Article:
Page:Popular Science Monthly Volume 33.djvu/24

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Impairment of the Value of Capital relatively to Labor.—While the remuneration of labor has enormously increased during recent years, the return to capital has not been in any way proportionate, and is apparently growing smaller and smaller. For this economic phenomenon there can be but one general explanation; and that is, that regarding labor and capital as commodities, or better, as instrumentalities employed in the work of production and distribution, capital has become relatively more abundant than labor, and has accumulated faster than it can be profitably invested; and, in accordance with the law of supply and demand, the compensation for its use—interest or profits—has necessarily declined as compared with the compensation paid for labor.[1]

One efficient cause of this greater abundance of capital is, that every new invention or discovery produces always as much, and often a much greater amount, of product on a less amount of capital than was previously invested. The result of material progress is, therefore, to supplement the need, or economize the use of capital, and at the same time increase it. For example, a first-class iron freighting screw-steamer cost in Great Britain, in 1872-74, $90 (£18) per ton. In 1887 a better steamer, constructed of steel, fitted with triple compound engines, with largely increased carrying capacity, and consequent earning power, and capable of being worked at much less expense, could have been furnished for $35 (£7) per ton. How rapidly capital has accumulated in recent years under the new conditions of production is indicated by the circumstance that, although most of the great loans which have been negotiated within the last twenty-five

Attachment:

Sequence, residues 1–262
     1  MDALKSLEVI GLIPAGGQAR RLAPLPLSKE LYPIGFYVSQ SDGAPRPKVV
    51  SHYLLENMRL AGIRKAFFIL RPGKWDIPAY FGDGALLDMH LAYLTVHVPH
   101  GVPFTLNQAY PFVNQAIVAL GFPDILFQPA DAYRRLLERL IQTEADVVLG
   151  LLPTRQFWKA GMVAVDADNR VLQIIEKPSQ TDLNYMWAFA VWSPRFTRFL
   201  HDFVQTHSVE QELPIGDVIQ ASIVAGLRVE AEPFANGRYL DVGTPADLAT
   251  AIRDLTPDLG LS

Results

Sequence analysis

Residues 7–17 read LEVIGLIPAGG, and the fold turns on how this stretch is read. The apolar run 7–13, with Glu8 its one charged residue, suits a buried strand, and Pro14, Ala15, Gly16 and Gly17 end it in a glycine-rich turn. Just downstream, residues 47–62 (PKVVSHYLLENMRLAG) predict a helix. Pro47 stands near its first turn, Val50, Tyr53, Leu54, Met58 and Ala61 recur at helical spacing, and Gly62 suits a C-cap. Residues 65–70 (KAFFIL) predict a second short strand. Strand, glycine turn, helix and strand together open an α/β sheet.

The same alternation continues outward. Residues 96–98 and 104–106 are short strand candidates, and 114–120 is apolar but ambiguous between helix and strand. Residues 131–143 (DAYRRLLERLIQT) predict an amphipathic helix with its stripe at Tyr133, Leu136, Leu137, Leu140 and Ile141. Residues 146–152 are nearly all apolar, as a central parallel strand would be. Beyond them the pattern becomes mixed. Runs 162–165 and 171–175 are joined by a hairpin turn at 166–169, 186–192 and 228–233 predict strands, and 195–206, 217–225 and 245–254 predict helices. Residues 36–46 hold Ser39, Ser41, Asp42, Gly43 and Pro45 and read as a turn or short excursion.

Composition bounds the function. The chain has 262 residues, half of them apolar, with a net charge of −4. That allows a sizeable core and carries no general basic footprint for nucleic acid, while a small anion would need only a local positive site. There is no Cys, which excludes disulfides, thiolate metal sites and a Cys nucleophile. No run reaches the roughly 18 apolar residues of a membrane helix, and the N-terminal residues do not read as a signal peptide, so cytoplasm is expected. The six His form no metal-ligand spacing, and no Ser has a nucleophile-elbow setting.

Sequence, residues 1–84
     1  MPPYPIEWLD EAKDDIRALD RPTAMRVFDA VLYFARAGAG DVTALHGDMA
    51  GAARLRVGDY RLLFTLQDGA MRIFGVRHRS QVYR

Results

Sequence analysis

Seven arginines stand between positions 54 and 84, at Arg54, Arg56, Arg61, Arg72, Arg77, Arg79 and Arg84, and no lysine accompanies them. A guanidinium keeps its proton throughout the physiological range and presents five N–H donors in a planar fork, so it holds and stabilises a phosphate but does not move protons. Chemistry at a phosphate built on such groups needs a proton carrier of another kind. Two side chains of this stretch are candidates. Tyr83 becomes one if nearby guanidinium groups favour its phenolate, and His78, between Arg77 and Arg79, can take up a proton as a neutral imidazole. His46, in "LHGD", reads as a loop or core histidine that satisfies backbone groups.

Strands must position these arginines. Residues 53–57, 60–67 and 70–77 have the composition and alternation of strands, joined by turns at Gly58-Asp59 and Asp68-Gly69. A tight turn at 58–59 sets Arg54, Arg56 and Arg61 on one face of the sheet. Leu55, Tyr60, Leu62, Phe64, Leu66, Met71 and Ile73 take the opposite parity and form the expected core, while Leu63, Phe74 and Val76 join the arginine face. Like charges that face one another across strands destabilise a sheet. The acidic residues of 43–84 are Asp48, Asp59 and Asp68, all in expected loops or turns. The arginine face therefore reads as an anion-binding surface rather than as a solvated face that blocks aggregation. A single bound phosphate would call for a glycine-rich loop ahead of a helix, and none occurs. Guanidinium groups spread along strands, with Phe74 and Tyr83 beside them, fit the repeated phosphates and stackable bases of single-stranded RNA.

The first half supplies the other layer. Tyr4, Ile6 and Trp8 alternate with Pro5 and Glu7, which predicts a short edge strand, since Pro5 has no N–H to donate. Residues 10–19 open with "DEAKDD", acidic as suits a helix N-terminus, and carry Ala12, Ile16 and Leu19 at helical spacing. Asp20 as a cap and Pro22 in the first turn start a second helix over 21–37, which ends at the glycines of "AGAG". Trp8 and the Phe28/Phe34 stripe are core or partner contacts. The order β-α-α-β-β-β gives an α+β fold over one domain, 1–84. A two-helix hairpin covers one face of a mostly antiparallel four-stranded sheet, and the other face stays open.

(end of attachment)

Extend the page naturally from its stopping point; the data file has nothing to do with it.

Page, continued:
1. The position has been taken, by some investigators and writers, that the great decline in the value of capital—by reason of an impairment of the ability of its owners, i.e., through loss of dividends on investments and of profits in business, to purchase and consume the products of labor, and a diversion of capital, from lack of remunerative income-yielding investments, into enterprises not needed and so occasioning overproduction—has been a prime and perhaps the main cause of all the economic disturbances in recent years. That such a factor, in common with many others, has been instrumental in occasioning serious disturbances, may not be questioned; but that its influence has not been in any sense primary would seem evident, when it is considered that the reason why capital has increased and cheapened in these latter years is, that mankind, through a larger knowledge and better use of the forces of Nature, has been enabled to produce, and actually has produced, a far greater abundance of almost all material things (or, in other words, a greater abundance of capital) than at any former period of their history. Capital, at the outset, greatly contributed to such a development, or, like the wizard in the Eastern fable, it pronounced the incantation which set the natural forces at work; but the wonderful increase and consequent impairment in the value of capital was an after-result, something not anticipated, and the continued progress of which the owners of capital, like the enchanter, now find themselves powerless to check. The saving in the cost of the freight moved on the railroads of every country, comparing 1887 with 1850, and assuming like quantities to have been transported at the different periods, would represent every year more than the original cost of the railroads and their equipment.